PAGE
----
Local Glastonbury residents are demanding more ticket allocation for next year’s festival.
Michael Eavis once again held back a number of full weekend tickets for local people who were not successful in buying tickets when they went on sale – these local tickets went on sale last week (October 18).
However, residents are calling the sale ‘ridiculous,’ asking Eavis to provide more tickets to the 2019 event with a petition titled: Make Michael/Emily Eavis hold back more local tickets for Glastonbury Festival!! At the time of writing, 482 people have signed it.
“Glastonbury Festival is pretty great. But not when you are outside the festival dealing with the back lash with no ticket and living locally,” the description for the petition reads.
“We deal with a lot of s**t being local to the festival – traffic being the number one issue, practically making the whole of the region gridlocked, as well as noise and pollution (*cough* rivers – decline in marine life since the festival *cough*), also general interference.
“Every year in my memory locals have had a good chance of getting tickets which makes this all bearable. This year something has clearly gone wrong.
“You may have seen Twitter posts or articles in the local press but a lot of locals are left frustrated as a large proportion will have to deal with the festival without the relief that at least I have a ticket so all’s good!
“Local people’s money is just as good as the rest of country’s so sell us some more, there’s clearly demand.”
The petition adds: “Local tickets sold out in eleven minutes on Thursday (October 18) and three minutes on Saturday (October 20) which is unheard of for locals.
“So sort us out please Mike.” Locals also claim that people who live in other areas used local addresses to buy tickets.
Glastonbury responded to the petition in a written statement. “We wish it was possible for everyone who wanted to get a Glastonbury ticket to be able to book one, however with almost 2 million people registered for tickets – and 135,000 available – it is unfortunately inevitable that the majority of people who were hoping to book tickets will have missed out.
“Although our data shows that a significant proportion of the tickets sold in the general sale earlier this month did go to those living close to the festival, we actually made more tickets available in this year’s locals-only sale than ever before. It remains very important to us to give locals that extra chance.”
They added: “In fact, we also added a second local online ticket sale, to give locals an extra opportunity to book tickets. However ultimately we are unable to guarantee that every local resident will get a ticket every year, simply because demand significantly outstrips supply. The locals tickets sold out quickly in 2016 (for the 2017 festival) too, taking just 20 minutes to sell online. This year’s local allocation took 16 minutes between the two sales.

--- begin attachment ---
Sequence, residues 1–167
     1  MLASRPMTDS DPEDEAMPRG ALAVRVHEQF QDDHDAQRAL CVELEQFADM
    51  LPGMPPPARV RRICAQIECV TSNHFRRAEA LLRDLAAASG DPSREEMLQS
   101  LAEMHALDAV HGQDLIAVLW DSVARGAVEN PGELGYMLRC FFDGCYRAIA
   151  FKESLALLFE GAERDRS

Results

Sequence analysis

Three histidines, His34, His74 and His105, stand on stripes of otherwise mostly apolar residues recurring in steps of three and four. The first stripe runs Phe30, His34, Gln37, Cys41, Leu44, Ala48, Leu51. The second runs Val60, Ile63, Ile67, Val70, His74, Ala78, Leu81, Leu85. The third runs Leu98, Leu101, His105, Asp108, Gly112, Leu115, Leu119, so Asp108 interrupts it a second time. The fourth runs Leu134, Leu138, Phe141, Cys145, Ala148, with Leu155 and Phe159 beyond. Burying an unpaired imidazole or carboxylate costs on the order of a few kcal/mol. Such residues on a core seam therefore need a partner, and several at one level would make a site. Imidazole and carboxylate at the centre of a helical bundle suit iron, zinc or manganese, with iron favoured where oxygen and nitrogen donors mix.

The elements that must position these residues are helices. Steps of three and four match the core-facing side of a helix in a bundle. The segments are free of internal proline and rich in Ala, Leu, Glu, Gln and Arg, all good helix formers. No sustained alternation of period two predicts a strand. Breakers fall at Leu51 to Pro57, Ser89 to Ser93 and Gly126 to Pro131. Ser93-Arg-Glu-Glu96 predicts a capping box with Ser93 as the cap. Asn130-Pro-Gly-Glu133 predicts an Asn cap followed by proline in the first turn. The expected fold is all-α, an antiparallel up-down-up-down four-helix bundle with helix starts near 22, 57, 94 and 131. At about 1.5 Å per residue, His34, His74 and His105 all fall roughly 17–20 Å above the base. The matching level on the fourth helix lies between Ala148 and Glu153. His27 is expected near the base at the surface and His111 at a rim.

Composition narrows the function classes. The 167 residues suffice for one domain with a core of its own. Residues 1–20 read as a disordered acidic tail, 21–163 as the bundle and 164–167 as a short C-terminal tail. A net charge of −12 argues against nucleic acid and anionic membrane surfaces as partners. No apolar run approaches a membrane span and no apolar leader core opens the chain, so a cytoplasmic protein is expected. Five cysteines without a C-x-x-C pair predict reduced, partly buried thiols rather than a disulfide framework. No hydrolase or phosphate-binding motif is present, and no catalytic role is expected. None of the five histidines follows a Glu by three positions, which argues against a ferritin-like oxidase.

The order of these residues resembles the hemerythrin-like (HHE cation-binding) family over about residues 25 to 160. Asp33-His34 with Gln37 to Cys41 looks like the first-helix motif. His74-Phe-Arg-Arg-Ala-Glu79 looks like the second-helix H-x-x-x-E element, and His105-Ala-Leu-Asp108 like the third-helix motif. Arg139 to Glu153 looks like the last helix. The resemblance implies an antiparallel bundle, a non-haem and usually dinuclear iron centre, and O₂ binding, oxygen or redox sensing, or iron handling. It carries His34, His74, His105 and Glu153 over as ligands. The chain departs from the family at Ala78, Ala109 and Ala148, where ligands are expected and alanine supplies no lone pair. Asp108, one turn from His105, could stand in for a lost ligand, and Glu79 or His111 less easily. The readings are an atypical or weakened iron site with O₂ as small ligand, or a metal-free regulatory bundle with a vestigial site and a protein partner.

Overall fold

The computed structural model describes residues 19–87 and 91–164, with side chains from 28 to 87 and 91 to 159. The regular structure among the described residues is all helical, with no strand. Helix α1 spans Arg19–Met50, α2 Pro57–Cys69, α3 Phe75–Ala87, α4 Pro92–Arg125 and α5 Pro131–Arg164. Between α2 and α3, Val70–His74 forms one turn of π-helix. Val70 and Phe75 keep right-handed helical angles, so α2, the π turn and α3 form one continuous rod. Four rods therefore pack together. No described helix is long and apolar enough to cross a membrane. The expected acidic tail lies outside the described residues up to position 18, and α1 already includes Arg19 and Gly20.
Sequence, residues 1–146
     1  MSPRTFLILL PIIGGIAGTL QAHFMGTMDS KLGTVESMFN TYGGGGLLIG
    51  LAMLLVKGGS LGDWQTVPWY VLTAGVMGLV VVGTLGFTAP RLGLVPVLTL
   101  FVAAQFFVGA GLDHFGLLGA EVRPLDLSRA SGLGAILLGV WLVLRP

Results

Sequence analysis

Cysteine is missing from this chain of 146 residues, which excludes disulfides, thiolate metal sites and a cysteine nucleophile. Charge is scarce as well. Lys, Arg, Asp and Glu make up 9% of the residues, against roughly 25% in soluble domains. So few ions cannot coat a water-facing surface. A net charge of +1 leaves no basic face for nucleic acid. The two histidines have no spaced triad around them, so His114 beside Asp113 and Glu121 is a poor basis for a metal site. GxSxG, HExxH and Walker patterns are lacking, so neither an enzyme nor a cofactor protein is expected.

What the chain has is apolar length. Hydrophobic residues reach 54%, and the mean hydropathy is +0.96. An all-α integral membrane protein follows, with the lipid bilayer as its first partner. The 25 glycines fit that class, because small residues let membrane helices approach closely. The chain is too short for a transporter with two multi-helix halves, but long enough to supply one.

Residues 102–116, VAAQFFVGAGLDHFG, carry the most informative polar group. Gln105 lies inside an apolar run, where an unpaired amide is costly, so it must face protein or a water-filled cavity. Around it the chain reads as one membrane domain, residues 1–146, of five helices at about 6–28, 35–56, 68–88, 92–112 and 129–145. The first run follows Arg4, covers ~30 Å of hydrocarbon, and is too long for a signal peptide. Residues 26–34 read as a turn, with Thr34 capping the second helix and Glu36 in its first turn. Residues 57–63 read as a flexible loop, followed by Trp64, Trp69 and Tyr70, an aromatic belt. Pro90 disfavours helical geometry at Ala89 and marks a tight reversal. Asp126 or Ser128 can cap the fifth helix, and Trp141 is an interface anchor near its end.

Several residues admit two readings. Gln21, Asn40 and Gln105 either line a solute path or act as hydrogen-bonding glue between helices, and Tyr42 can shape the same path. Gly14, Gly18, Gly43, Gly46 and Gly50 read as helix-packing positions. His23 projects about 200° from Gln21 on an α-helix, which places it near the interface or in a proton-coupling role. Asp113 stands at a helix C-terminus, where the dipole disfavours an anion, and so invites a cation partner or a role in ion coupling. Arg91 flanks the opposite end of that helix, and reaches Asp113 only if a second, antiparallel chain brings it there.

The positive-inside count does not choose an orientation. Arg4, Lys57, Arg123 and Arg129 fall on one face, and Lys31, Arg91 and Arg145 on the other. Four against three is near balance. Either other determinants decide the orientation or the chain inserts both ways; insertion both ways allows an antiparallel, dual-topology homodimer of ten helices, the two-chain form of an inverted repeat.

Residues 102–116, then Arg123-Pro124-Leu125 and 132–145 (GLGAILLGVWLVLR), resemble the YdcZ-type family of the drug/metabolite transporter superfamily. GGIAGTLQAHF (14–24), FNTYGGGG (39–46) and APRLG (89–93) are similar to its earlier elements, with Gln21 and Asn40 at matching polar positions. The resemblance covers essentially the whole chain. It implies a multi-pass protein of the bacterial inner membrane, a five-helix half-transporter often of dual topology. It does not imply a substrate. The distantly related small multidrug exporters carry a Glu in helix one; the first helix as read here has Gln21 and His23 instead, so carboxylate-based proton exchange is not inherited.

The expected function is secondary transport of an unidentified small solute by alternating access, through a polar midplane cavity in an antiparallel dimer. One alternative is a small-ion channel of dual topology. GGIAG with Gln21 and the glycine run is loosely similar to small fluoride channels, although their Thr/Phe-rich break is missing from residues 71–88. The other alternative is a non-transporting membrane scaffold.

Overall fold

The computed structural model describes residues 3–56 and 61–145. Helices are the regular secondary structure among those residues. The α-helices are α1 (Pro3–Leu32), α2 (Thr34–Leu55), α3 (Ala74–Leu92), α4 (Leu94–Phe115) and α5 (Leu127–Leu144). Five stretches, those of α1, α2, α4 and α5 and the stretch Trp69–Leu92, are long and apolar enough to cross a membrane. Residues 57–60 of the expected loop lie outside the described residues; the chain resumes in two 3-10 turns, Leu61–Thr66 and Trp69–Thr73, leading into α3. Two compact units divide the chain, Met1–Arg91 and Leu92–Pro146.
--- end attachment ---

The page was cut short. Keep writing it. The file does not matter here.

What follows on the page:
“In terms of why demand is higher – that’s absolutely across all of our ticket sales, not just the local ones. The festival is lucky enough to be very popular right now – particularly after the fallow year.
“It’s also worth pointing out that thousands of residents who live in the immediate vicinity of the festival site are actually offered complimentary tickets as a demonstration of our appreciation for any inconvenience that the festival causes those living closest to the site.
“There are still a number of opportunities for local residents who don’t yet have tickets to attend the festival, though. Details of the Sunday day ticket sales (which are only open to local residents) will be released in the next few weeks, and there will also be a ticket resale in mid-late April of any cancelled tickets.
“There are also many other ways for locals to get involved, volunteering with local steward groups, getting involved with charities operating onsite, joining the recycling volunteers, or other work and volunteering opportunities.
“In response to the question of whether people from outside the area could pretend to be locals and buy tickets in the local sale, we would consider that to be fraudulent activity, and any tickets purchased in that way would be cancelled.
“We understand that all this doesn’t make it any less frustrating for those who missed out this time, but we really do appreciate the support of everyone in the local community who registered and tried for tickets.”
Glastonbury 2019 takes place at Worthy Farm on June 26-30.